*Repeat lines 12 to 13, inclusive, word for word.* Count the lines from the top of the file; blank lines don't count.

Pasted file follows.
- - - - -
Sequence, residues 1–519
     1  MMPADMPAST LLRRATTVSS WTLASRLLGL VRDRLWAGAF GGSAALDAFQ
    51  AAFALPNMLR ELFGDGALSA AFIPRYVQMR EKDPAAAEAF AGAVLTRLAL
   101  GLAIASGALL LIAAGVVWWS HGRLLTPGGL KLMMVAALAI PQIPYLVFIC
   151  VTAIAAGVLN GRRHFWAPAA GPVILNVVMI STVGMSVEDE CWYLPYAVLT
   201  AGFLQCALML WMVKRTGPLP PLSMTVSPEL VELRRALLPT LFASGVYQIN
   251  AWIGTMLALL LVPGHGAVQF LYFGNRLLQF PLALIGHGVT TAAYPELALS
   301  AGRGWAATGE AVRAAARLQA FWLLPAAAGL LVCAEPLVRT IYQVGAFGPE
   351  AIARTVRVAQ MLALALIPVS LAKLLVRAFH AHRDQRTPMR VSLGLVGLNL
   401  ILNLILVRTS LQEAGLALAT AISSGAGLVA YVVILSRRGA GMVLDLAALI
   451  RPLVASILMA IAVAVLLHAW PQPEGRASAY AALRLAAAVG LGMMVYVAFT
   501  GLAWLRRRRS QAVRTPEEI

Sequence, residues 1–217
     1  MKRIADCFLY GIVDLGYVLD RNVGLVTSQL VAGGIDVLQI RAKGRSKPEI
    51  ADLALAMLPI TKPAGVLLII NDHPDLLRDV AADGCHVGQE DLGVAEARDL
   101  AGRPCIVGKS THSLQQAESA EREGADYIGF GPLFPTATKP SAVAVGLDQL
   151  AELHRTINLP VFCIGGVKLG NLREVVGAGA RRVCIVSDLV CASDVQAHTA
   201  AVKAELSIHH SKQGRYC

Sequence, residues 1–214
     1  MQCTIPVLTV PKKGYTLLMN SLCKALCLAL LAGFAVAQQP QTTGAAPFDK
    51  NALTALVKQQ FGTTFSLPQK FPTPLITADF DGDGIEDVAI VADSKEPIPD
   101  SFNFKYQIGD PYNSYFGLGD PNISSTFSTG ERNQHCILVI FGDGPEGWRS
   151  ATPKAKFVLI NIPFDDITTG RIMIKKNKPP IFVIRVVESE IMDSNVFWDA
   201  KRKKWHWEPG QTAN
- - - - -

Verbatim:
   501  GLAWLRRRRS QAVRTPEEI

Sequence, residues 1–217